Langston joins me for coffee and poetry. I do not believe he likes George Strait, my musical morning Muse.
“Why not jazz?” he asks.
“I’ll turn on jazz later, when I’m editing. It helps me untangle sentences,” I tell him.
“Hmph,” he says. “Wake me then.”
“Wait. I’m about to read.” I pull out my book and open to the poem “You could spend.”
Each star a stone
in the river of sky—
the Milky Way’s bright tide
wringing me awake.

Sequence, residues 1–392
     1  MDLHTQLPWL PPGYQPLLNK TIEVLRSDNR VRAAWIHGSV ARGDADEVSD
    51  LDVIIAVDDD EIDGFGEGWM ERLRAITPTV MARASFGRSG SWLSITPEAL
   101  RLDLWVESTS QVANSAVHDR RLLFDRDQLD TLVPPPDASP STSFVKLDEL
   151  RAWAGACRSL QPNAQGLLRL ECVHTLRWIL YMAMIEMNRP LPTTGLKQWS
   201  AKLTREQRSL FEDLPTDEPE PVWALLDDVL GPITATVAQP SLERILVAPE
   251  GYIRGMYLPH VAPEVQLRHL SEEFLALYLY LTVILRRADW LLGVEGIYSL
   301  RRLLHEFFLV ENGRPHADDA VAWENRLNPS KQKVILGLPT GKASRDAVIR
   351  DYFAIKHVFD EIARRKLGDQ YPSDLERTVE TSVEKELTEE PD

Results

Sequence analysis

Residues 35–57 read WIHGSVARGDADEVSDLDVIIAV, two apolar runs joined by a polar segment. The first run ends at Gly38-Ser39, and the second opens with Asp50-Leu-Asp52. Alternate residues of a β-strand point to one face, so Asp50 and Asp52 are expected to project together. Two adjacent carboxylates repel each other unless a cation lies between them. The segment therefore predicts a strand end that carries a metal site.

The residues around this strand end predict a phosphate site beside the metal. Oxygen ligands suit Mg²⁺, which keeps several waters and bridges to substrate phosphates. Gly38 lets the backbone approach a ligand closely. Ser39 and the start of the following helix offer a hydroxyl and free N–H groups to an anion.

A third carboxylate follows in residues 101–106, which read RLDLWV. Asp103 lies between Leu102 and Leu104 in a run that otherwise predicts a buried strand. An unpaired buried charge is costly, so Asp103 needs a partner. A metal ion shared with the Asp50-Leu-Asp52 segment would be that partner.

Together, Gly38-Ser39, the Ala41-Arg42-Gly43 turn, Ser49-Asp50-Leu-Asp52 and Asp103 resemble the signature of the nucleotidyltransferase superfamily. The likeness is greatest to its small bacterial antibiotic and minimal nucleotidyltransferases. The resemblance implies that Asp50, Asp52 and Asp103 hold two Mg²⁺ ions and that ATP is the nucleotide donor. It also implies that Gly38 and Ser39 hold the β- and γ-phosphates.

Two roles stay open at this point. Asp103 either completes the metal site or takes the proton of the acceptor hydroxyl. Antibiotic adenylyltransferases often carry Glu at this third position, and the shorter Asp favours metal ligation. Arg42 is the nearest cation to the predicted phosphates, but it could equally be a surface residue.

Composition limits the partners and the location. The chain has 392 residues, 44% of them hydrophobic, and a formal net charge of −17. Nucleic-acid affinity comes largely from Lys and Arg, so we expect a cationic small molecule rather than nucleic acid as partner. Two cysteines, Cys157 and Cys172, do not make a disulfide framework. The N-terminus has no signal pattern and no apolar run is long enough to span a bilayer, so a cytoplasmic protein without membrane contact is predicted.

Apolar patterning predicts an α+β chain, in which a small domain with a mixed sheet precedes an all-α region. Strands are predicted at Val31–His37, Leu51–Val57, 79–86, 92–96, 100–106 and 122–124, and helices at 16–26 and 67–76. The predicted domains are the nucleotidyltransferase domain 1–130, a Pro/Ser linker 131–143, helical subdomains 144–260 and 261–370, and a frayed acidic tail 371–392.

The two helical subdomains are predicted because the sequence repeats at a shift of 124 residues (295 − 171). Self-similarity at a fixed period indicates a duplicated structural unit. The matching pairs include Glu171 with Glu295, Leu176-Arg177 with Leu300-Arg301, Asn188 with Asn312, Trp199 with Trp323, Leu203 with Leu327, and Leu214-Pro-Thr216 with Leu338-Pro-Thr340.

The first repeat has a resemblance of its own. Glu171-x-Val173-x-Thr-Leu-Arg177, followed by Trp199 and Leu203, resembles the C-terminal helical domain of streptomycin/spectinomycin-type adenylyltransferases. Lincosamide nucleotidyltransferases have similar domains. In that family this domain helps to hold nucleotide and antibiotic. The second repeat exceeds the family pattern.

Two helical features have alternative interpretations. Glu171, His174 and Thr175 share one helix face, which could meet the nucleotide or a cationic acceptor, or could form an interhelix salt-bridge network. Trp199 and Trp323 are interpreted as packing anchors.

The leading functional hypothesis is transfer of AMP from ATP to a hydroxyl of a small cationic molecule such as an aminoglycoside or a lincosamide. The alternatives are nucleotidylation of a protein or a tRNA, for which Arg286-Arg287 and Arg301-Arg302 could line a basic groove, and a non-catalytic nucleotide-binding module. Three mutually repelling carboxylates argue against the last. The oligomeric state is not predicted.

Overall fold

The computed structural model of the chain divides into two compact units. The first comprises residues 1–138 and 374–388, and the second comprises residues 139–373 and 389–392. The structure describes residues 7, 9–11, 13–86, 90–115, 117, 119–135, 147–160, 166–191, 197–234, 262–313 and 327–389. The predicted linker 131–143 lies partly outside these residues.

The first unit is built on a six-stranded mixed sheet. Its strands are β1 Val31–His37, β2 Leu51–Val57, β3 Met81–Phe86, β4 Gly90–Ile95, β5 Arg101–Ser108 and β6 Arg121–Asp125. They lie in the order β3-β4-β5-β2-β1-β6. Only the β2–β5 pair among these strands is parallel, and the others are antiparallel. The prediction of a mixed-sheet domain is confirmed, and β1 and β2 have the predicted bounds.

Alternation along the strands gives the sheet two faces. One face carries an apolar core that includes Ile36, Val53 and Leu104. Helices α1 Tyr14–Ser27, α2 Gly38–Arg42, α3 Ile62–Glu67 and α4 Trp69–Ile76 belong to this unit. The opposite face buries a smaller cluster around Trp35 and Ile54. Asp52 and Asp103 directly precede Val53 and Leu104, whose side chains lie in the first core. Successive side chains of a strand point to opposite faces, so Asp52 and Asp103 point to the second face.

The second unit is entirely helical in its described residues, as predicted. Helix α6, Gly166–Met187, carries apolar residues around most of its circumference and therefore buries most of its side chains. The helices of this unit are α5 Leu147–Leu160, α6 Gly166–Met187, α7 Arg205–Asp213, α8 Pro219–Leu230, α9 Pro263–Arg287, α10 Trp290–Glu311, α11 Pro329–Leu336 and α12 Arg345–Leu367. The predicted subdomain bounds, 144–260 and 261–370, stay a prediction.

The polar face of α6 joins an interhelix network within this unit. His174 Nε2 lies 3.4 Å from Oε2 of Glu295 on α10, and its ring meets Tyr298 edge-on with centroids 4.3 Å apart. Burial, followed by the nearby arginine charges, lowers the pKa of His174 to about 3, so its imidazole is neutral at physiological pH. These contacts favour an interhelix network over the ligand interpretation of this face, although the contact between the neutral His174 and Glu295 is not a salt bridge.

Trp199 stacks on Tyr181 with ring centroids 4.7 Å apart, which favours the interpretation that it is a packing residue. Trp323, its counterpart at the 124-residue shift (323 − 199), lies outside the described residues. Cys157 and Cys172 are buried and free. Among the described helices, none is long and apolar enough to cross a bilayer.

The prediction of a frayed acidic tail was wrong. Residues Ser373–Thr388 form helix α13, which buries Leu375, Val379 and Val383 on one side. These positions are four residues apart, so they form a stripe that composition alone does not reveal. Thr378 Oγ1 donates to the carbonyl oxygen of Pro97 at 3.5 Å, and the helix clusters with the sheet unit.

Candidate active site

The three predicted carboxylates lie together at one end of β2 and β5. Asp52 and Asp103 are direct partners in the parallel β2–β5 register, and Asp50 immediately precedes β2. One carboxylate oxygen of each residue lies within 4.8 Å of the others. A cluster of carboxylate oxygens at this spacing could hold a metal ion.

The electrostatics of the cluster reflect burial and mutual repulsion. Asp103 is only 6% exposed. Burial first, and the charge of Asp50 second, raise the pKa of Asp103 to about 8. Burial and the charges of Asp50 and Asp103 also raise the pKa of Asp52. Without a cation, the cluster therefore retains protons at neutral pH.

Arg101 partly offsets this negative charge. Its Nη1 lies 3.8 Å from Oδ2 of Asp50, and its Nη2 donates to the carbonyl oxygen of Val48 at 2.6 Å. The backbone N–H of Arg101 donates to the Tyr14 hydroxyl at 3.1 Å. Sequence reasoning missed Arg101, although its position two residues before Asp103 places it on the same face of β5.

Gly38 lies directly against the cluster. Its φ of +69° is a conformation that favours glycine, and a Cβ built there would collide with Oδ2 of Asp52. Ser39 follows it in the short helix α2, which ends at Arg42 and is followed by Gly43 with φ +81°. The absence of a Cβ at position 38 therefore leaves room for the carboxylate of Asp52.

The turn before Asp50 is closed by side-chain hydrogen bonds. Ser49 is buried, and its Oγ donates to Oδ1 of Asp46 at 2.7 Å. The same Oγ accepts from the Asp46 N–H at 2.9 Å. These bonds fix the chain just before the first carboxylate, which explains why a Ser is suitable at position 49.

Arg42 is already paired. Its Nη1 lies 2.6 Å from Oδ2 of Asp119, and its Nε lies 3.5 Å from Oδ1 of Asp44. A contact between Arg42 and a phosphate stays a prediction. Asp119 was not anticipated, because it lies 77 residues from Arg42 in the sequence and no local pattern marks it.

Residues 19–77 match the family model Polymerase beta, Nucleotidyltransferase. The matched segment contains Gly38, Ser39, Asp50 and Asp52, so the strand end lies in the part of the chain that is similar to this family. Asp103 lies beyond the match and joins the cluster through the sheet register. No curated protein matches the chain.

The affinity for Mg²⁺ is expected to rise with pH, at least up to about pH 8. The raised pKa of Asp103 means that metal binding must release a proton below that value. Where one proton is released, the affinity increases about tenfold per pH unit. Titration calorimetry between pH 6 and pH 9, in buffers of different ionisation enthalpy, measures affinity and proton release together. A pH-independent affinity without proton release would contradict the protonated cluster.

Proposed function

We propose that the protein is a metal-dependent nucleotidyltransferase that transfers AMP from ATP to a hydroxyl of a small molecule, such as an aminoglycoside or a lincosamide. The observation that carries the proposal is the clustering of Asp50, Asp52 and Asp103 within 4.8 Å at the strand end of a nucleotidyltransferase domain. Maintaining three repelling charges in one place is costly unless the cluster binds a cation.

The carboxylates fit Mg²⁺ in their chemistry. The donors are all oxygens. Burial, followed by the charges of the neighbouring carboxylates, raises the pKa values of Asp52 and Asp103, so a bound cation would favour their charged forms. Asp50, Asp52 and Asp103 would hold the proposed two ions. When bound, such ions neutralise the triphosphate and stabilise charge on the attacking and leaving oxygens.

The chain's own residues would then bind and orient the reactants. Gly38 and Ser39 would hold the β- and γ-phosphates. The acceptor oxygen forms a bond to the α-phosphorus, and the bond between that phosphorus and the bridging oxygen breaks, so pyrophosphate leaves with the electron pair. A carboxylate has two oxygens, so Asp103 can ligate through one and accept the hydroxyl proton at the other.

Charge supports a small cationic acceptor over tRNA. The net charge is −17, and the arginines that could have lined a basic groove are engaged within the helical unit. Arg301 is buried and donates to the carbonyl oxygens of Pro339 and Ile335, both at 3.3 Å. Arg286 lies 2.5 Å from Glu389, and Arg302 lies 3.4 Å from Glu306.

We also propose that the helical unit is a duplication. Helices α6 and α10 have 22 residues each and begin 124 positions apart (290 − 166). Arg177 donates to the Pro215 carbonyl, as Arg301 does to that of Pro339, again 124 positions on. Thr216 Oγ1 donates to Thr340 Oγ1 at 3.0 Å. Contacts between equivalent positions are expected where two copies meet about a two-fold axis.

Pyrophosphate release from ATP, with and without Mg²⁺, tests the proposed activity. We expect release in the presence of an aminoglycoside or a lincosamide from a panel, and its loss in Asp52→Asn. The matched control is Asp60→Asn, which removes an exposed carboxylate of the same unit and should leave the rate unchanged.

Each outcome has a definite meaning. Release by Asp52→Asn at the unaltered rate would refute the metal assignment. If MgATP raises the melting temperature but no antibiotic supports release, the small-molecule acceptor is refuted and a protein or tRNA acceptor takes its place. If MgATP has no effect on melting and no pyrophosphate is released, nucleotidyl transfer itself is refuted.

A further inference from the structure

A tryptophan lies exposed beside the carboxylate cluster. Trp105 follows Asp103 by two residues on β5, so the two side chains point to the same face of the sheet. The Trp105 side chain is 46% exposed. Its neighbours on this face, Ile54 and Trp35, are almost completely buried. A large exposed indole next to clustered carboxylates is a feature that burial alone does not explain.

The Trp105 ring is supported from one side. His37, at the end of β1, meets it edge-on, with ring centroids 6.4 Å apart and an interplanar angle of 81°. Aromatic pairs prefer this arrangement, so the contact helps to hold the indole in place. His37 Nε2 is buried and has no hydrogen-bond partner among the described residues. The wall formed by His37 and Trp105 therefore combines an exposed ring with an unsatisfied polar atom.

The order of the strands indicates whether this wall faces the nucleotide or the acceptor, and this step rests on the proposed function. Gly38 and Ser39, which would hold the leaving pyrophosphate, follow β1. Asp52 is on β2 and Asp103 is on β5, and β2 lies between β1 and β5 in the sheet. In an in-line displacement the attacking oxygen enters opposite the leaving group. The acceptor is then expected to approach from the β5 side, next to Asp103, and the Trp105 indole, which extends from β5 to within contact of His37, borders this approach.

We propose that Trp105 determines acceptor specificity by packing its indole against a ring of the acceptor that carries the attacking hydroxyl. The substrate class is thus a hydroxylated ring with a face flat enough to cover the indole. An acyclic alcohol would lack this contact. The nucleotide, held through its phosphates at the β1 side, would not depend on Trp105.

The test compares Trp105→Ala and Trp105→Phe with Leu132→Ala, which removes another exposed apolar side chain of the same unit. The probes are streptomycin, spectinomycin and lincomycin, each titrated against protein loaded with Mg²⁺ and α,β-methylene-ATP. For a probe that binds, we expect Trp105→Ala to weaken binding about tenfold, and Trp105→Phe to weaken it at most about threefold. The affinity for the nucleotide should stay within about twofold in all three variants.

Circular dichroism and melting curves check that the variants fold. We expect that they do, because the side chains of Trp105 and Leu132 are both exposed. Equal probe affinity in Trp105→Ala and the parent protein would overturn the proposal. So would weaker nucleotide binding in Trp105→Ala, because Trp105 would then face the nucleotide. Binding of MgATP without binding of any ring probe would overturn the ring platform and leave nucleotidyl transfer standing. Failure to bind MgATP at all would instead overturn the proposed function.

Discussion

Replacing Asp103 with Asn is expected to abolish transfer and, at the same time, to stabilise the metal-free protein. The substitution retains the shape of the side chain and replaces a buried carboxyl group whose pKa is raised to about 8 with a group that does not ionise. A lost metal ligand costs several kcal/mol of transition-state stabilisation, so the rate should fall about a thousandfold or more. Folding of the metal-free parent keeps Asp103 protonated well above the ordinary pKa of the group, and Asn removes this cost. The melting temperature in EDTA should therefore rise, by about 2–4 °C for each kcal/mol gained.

“Who’s that?” Langston asks.
“Hmm, I like him. Makes me think of my own poem, ‘The Negro Speaks of Rivers.'”
“My soul has grown deep like the rivers,” I quote.
“Yes,” he says. “Or ‘Life is Fine.’ It’s got a river, too.”
I nod. “The first part is hard, but I get that. It makes the ending all the better.”
So since I’m still here livin’
I guess I will live on.
I could’ve died for love—
but for livin’ I was born.
Though you may hear me holler,
And you may see me cry—
I’ll be dogged, sweet baby,
If you gonna see me die.
Life is fine! Fine as wine! Life is fine!
“You do have wine, don’t you?” Langston asks.
“Later,” I say. “We have work to do, dear poet.”